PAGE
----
I say you don't know. You say you don't know. And I'm not sure I know either. The question is: what does the unstoppable runaway juggernaut of Franz Ferdinand's success - millions of CDs sold, the Mercury Prize just one of many richly-deserved awards - mean? A cynic might answer, deadpan, that ever since the demise of Pulp, there's been a vacancy for a chic, arty, intellectual pop group from northern Britain, and that pop, like nature, abhors a vacuum. But there was no historical inevitability at play here: if Alex Kapranos, at the age of 29 (by which time The Smiths, incidentally, had already split), hadn't decided to quit the day job and get serious, it's unlikely that anybody else would have invented Franz Ferdinand.
This isn't to say, of course, that the band themselves didn't predict their rise. Take the cocky interlude in "The Dark of the Matinee" wherein Kapranos imagines "I'm on BBC 2 now telling Terry Wogan how I made it, and/ What I made isn't clear now/ But his deference is, and his laughter is" (you think to yourself that it should have been Ross or Vaughan rather than Wogan, until you remember that he's describing his late Eighties adolescence), or the "This Fire" video, in which the foursome appear as corporate Bond villains bent on world domination, clinking celebratory cups of English tea as they stick another flag-pin in the map.
Tempting as it undeniably is, it would be wrong to take false hope from FF's rapid ascent and assume that there's a sudden mass hunger for pop with a beat and a brain. However, it's perfectly valid to cite them as evidence that, if you do it well enough, people will still listen. And nobody, for many a year, has combined the two with the skill and panache of Alex Kapranos, Nick McCarthy, Paul Thompson and Bob Hardy.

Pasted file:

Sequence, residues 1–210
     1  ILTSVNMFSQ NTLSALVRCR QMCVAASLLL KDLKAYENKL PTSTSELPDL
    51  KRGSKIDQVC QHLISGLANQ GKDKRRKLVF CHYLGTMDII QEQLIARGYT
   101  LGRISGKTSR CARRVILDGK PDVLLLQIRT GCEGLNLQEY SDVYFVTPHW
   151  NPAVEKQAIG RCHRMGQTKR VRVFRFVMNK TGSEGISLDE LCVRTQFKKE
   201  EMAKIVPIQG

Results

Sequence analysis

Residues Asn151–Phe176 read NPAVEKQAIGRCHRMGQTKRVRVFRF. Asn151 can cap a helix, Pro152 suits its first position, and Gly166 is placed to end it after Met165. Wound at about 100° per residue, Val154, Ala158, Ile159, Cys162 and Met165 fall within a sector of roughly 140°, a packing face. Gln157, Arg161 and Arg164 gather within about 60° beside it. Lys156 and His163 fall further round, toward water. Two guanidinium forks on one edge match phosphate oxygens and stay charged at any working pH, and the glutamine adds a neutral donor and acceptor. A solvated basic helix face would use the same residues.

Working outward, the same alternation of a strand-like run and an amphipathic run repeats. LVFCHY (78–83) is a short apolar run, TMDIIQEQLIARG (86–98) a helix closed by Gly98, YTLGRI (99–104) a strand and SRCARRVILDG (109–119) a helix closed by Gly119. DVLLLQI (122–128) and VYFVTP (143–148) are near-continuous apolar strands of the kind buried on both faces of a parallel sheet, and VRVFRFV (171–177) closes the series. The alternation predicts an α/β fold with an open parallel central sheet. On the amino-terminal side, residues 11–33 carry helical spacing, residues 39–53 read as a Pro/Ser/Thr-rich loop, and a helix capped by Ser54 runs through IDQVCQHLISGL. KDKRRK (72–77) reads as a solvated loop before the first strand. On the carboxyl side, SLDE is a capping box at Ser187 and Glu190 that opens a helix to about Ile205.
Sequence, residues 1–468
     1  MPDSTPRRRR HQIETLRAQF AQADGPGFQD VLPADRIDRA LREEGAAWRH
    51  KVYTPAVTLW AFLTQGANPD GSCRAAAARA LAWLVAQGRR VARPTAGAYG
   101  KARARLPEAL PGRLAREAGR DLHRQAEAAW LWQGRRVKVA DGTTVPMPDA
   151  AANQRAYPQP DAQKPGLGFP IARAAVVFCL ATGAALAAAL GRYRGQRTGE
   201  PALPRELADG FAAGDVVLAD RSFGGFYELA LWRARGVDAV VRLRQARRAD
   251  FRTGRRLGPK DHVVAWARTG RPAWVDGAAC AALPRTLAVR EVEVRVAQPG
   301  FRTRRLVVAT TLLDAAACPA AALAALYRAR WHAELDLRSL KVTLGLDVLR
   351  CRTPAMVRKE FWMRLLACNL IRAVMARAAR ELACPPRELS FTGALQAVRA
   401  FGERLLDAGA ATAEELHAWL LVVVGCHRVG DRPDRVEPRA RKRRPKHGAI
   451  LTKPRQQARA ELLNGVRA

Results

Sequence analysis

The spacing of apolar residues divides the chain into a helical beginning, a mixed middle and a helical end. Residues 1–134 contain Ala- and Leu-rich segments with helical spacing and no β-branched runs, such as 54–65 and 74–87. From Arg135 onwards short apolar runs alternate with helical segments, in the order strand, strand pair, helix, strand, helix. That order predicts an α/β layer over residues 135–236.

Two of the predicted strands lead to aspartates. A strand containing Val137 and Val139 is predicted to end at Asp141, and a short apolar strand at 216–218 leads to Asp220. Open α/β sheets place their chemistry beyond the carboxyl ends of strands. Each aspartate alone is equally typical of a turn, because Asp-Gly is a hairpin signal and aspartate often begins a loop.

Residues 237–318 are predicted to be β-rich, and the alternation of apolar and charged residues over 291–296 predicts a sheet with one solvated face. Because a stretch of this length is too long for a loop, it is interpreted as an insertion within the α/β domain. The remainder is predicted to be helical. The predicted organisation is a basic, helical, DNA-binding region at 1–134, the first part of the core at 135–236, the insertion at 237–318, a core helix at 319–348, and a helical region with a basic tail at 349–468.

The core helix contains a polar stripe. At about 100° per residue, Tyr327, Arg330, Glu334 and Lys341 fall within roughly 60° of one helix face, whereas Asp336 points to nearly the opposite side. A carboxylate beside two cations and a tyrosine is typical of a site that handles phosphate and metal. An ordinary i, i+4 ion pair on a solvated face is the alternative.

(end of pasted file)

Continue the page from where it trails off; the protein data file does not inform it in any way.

The annexation of the music channels means that children and chavs (who are basically children anyway) can see them and be changed, saved, improved.
Anyone lured by the hype to Exeter Uni tonight - and this is a very straight, non-indie crowd - will leave with altered perceptions of what pop music can be. It's a privilege to witness a band at the top of their game, and from the opening seconds - a rumble of orchestral timpani, a falling drape revealing that 1930s, Czech-styled logo, and the most viscerally exciting guitar line since Magazine's "Shot By Both Sides" - they're so commanding you almost have to giggle with glee.
"Michael", for this is their opener, is a perfect example of why Alex Kapranos has been lauded so loudly as a lyricist, the words and images tumbling over each other in an almost impressionistic hymn of homoerotic desire. And it's his film director's microscope eye for the minutiae of lust ("she only licked her lips, but I saw it...") and romance ("time every journey to bump into you accidentally") which are part of the attraction, and the reason why his every hip-wiggle elicits screams from the daughters of Devon.